United States District Court, W.D. Tennessee, Eastern Division
ORDER DISMISSING PETITION WITHOUT PREJUDICE, DENYING
MOTION FOR APPOINTMENT OF COUNSEL AS MOOT, DENYING A
CERTIFICATE OF APPEALABILITY, AND DENYING LEAVE TO APPEAL IN
DANIEL BREEN UNITED STATES DISTRICT JUDGE.
Courtney Partin, an inmate currently confined in a Tennessee
state prison, has filed a pro se habeas corpus
petition and a motion for appointment of counsel. (ECF Nos.
1, 3.) The petition is before the Court for initial review.
does not specify whether he brings his petition pursuant to
28 U.S.C. § 2441 or § 2254. Regardless, Petitioner
does not state a claim for habeas relief under either
statute, and thus the petition must be dismissed.
The inmate alleges that, while on lockdown for search by the
[S]trike [F]orce [O]ne with [Warden] Michael W. Parris
present[, ] Strike Force One used excessive force and
assaulted the Petitioner . . . . The Petitioner was placed in
segregation for 21 days without a conviction or due process.
The Petitioner . . . was denied medical treatment form [sic]
then up until now. The petitioner is still in pain suffering
and needing medical treatment for the damage done to his
body, as well the petitioner is in fear for his safety.
(ECF No. 1 at 1-2.)
further avers that he “filed a civil rights complaint
on 6-24-16” in this judicial district regarding these
events. (Id. at 2.) That case is currently pending.
(See Partin v. Unknown Named Defendants, 16-cv-01178
a prisoner is challenging the very fact or duration of his
physical imprisonment and the relief that he seeks is a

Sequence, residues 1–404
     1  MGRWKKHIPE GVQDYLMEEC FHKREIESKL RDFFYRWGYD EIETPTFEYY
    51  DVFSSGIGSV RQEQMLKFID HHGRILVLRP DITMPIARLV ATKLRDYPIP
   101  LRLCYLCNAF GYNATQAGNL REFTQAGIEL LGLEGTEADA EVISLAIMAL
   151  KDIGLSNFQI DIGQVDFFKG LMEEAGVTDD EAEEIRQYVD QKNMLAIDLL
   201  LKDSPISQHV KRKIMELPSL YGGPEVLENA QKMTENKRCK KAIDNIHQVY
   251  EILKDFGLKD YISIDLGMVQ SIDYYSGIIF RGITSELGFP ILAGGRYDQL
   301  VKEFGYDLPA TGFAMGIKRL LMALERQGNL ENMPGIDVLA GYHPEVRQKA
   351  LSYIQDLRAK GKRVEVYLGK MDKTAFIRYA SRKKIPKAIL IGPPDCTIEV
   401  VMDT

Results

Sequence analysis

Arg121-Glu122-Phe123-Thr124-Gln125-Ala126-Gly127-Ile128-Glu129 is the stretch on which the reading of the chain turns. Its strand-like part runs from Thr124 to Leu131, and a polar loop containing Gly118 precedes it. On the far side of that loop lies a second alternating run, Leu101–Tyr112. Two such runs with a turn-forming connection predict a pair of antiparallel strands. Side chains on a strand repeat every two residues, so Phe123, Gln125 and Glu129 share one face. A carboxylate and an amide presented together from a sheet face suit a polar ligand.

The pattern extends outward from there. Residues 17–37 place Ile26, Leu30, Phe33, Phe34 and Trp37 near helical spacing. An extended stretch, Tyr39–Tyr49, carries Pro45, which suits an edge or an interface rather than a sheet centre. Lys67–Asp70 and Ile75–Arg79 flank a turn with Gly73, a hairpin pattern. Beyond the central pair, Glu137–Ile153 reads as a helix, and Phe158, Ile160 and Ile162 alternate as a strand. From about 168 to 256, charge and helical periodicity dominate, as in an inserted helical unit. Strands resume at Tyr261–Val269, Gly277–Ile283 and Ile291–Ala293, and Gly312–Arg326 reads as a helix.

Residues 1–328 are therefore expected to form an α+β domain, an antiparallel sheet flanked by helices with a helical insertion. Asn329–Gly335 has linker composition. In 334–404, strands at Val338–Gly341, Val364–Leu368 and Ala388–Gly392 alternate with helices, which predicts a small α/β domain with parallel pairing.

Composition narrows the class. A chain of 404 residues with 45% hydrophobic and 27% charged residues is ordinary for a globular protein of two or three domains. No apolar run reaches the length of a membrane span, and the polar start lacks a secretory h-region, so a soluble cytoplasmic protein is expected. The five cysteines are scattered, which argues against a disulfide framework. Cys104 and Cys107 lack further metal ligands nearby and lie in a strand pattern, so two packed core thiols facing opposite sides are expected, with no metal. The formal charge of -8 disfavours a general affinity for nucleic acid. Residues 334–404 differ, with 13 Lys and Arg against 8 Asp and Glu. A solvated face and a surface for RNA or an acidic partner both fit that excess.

determination that he is entitled to immediate release or a
speedier release from that imprisonment, his sole federal
remedy is a petition for writ of habeas corpus.”
Theriot v. Shane Place, No. 2:17-cv-53, 2017 WL
1905870, at *1 (W.D. Mich. May 10, 2017) (citing Preiser
v. Rodriguez, 411 U.S. 475, 500 (1973)). “However,
habeas corpus is not available to prisoners who are
complaining only of the conditions of their confinement or
mistreatment during their legal incarceration.”
Id. (citing Martin v. Overton, 391 F.3d
710, 714 (6th Cir. 2004)). The inmate here complains only
about his alleged mistreatment and the conditions of his
confinement. He therefore does not state a claim for habeas
proper vehicle for Partin's claims is 42 U.S.C. §
1983. See Luedtke v. Berkebile, 704 F.3d 465, 466
(6th Cir. 2013) (conditions of confinement claims must be
brought, if at all, under § 1983 or Bivens v. Six
Unknown Named Agents of Federal Bureau of Narcotics, 403
U.S. 388 (1971)); see also Taylor v. Ives, Civil No.
11-256-GFVT, 2012 WL 6506995, at *2 (E.D. Ky. Dec. 12, 2012)
(inmate's challenge to “security
classification” is a claim regarding conditions of
confinement “which [could] only be asserted in a civil
rights action . . .”); Evans v. Eichenlaub,
No. 08-13469, 2008 WL 4771934, at *1 (E.D. Mich. Oct. 29,
2008) (inmate's allegation that prison did not provide
him with adequate medical care challenged his conditions of
confinement and therefore was not cognizable in habeas
proceeding). As noted, Partin filed his claims under §
1983 in an earlier suit, which remains pending.
the petition is DISMISSED without prejudice. See
Martin, 391 F.3d at 714 (the proper course is to deny
the mislabeled habeas petition).
motion for appointment of counsel is DENIED as moot.
Clerk is DIRECTED to close the case.
habeas corpus petitioner may not proceed on appeal unless a
district or circuit judge issues a certificate of
appealability (“COA”). 28 U.S.C. §
2253(c)(1); Fed. R. App. P. 22(b)(1). A certificate must
issue if the petitioner demonstrates that “reasonable
jurists would find the district court's assessment of the
constitutional claims debatable or wrong.” Slack v.
McDaniel, 529 U.S. 473, 484 (2000). “A petitioner
satisfies this standard by demonstrating that . . . jurists
could conclude the issues presented are adequate to deserve
encouragement to proceed further.” Miller-El v.
Cockrell, 537 U.S. 322, 327 (2003).
Court, having considered Petitioner's claims, finds that
reasonable jurists could not conclude that dismissal of the
petition for the reasons stated was ...